How long do mRNA and spike proteins last in the body?

Published July 2, 2021

Published

COVID-19 illustration

Vaccines generally work by introducing a piece of a virus or bacteria into your body so you can develop long-lasting immunity to the pathogen. While the piece introduced by the vaccine rapidly fades away, your body's immune system remembers what it saw. When it encounters the virus or bacteria in the real world it mounts a strong immune response preventing or decreasing the severity of infection.  

Some have expressed concern that the spike protein or other parts of the mRNA vaccines build up in the body, particularly in the ovaries or the brain. Here we break down the data to show where mRNA vaccines (and spike proteins) travel in the body. There is no evidence that any mRNA or protein accumulates in any organ.

Why do they use spike proteins?

For COVID-19 vaccines, all of the approved vaccines so far used the spike protein. The spike protein is located on the outside of a coronavirus and is how SARS-CoV-2 (the coronavirus) enters human cells. Its location on the outside of the virus makes it so the immune system can recognize it easily.

The spike protein is unique to SARS-CoV-2 – it doesn't look like other proteins your body makes. So antibodies created against the spike protein won't harm your body, they will only target coronavirus. 

How long mRNA lasts in the body

The Pfizer and Moderna vaccines work by introducing mRNA (messenger RNA) into your muscle cells. The cells make copies of the spike protein and the mRNA is quickly degraded (within a few days). The cell breaks the mRNA up into small harmless pieces. mRNA is very fragile; that's one reason why mRNA vaccines must be so carefully preserved at very low temperatures.

How long spike proteins last in the body

The Infectious Disease Society of America (IDSA) estimates that the spike proteins that were generated by COVID-19 vaccines last up to a few weeks, like other proteins made by the body. The immune system quickly identifies, attacks and destroys the spike proteins because it recognizes them as not part of you. This "learning the enemy" process is how the immune system figures out how to defeat the real coronavirus. It remembers what it saw and when you are exposed to coronavirus in the future it can rapidly mount an effective immune response.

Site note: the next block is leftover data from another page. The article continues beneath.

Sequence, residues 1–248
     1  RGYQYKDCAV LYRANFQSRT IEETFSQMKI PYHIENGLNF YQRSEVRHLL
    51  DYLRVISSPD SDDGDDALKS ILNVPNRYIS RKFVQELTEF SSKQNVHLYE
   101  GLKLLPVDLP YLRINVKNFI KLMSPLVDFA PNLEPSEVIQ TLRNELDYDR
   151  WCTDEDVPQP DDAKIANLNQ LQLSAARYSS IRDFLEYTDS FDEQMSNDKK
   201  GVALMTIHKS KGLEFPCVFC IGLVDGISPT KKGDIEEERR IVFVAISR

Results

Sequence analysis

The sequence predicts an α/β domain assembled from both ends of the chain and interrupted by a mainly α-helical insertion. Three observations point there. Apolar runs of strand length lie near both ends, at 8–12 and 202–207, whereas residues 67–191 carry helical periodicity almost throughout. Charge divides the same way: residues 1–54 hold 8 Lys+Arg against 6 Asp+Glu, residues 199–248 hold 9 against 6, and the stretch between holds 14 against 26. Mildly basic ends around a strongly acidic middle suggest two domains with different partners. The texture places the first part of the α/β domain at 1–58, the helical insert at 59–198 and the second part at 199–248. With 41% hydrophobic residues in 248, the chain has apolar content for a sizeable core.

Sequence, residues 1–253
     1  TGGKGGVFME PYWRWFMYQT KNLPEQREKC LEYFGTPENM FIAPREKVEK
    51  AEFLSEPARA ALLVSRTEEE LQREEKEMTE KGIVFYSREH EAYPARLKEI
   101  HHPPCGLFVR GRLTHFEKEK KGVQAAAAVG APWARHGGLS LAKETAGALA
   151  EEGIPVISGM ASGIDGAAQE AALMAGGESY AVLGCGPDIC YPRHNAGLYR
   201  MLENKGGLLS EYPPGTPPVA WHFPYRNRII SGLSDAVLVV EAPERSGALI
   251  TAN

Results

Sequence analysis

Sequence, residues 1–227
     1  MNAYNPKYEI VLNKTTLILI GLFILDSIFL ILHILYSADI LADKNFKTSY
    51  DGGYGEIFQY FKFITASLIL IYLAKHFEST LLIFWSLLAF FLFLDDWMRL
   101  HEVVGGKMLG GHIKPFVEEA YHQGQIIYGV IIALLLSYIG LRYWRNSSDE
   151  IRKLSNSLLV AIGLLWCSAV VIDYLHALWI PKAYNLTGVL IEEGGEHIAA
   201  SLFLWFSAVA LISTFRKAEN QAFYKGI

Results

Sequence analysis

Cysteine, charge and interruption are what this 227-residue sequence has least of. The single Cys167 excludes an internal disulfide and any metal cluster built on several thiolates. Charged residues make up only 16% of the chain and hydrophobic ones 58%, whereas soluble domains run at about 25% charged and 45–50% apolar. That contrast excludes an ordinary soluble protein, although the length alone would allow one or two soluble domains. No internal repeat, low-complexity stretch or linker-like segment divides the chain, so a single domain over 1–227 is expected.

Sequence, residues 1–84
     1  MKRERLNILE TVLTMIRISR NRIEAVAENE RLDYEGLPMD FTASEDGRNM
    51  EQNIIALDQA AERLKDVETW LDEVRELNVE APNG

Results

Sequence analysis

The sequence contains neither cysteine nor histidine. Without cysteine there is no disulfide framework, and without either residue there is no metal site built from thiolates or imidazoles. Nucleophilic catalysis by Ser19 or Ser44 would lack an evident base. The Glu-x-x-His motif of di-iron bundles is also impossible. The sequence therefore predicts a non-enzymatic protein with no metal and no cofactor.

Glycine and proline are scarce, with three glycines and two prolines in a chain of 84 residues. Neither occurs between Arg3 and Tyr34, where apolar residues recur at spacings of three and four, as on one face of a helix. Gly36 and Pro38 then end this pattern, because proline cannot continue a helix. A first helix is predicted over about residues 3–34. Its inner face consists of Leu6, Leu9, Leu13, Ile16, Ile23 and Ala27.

Where does the vaccine go?

Here's a peer-reviewed study that shows where intramuscular vaccines (which all three of the COVID-19 vaccines are) travel in macaques (a type of monkey). Vaccines mostly remain near the site of injection (the arm muscle) and local lymph nodes. 

This makes sense: Lymph nodes produce white blood cells and antibodies to protect us from disease. A key part of the lymphatic system, lymph nodes also clean up fluids and remove waste materials. Finding pieces of spike protein in the lymph nodes is completely normal, because lymph nodes act as the trash removal service for the body. That means the vaccine did its job (made spike proteins, which caused the creation of antibodies) and will be cleared from the body.

Another peer-reviewed study tested exactly where an mRNA vaccine went in mice. Most of the mRNA vaccine stayed in the injection site muscle – where you get the shot. Look at Table 1. A lot of mRNA vaccine was found in local lymph nodes, which peaked about eight hours after the shot was given. A much smaller amount of mRNA vaccine went to farther away lymph nodes.

Can the COVID-19 vaccines change your DNA?

No. COVID-19 vaccines cannot change your DNA. 

DNA is stored in the nucleus of your cells. mRNA vaccines do their work outside of the nucleus (in a space called the cytoplasm) and have not been observed to interact with the nucleus. The cell breaks down and gets rid of the mRNA soon after it's finished using the instructions.